The Pentagon has announced that an Australian man captured by the U.S. military in Afghanistan in 2001 will be tried before a military tribunal on charges of attempted murder and providing aid to al-Qaida. David Hicks has been detained at a U.S. naval base at Guantanamo Bay, Cuba for nearly three years. The charges against David Hicks include allegations he attended al-Qaida training camps in Afghanistan and chose fight with Osama bin-Laden and the allied Taleban following the 9/11 attacks against the United States.

His military appointed lawyer Michael Mori calls his client innocent and objects to this case being tried before a military tribunal, which is usually closed, rather than in civilian court.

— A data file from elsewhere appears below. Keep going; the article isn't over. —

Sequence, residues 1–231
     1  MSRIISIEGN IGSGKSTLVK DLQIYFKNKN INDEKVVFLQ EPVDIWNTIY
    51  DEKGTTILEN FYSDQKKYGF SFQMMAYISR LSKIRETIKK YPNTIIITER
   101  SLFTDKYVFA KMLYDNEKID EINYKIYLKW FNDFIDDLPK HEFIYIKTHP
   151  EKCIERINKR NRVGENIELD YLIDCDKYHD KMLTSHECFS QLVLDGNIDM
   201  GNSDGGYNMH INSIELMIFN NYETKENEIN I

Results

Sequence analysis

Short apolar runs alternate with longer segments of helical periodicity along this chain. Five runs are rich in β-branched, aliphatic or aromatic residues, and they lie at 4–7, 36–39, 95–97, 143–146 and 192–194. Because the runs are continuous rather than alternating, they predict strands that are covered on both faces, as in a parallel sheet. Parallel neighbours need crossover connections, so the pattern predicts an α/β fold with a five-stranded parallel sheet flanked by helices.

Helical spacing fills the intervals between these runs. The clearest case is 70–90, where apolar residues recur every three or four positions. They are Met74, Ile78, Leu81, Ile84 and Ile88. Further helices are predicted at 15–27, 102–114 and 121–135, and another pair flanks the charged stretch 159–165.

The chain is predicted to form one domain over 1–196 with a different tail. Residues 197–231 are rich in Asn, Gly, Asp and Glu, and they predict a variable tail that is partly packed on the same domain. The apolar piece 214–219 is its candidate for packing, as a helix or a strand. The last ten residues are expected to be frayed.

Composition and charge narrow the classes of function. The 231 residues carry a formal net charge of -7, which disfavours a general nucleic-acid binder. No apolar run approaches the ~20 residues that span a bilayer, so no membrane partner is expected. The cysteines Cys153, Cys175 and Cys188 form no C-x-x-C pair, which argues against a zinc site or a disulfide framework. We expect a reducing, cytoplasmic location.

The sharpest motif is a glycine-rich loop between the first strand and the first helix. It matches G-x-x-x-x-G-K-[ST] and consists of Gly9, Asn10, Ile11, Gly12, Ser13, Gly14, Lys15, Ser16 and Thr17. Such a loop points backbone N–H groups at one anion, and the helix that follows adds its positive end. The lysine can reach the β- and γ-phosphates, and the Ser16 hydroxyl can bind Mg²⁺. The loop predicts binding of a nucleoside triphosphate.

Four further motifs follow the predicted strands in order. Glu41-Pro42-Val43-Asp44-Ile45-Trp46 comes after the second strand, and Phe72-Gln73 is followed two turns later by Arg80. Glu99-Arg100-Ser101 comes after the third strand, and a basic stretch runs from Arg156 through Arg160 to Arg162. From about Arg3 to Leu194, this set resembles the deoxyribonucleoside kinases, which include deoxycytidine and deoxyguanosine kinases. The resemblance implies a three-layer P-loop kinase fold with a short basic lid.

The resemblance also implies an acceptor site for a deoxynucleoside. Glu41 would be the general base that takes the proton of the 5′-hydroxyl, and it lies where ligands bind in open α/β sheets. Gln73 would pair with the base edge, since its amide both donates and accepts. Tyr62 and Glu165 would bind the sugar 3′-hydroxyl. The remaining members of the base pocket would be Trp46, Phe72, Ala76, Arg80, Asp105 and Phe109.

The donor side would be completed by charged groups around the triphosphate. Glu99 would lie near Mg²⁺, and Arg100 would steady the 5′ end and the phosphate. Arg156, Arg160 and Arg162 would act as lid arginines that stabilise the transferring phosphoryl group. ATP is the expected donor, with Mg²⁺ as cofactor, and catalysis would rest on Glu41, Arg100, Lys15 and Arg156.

"We're going to fight these charges, these allegations that the government has laid against David Hicks to the fullest extent we're allowed to," he said. "Unfortunately, these allegations will never be tested within an established and fair justice system."

The Pentagon maintains the trial, whose date has not yet been set, will be based on the presumption of innocence. Under arrangements already negotiated between both countries, David Hicks will be spared the death penalty if convicted and returned to Australia to serve any sentence.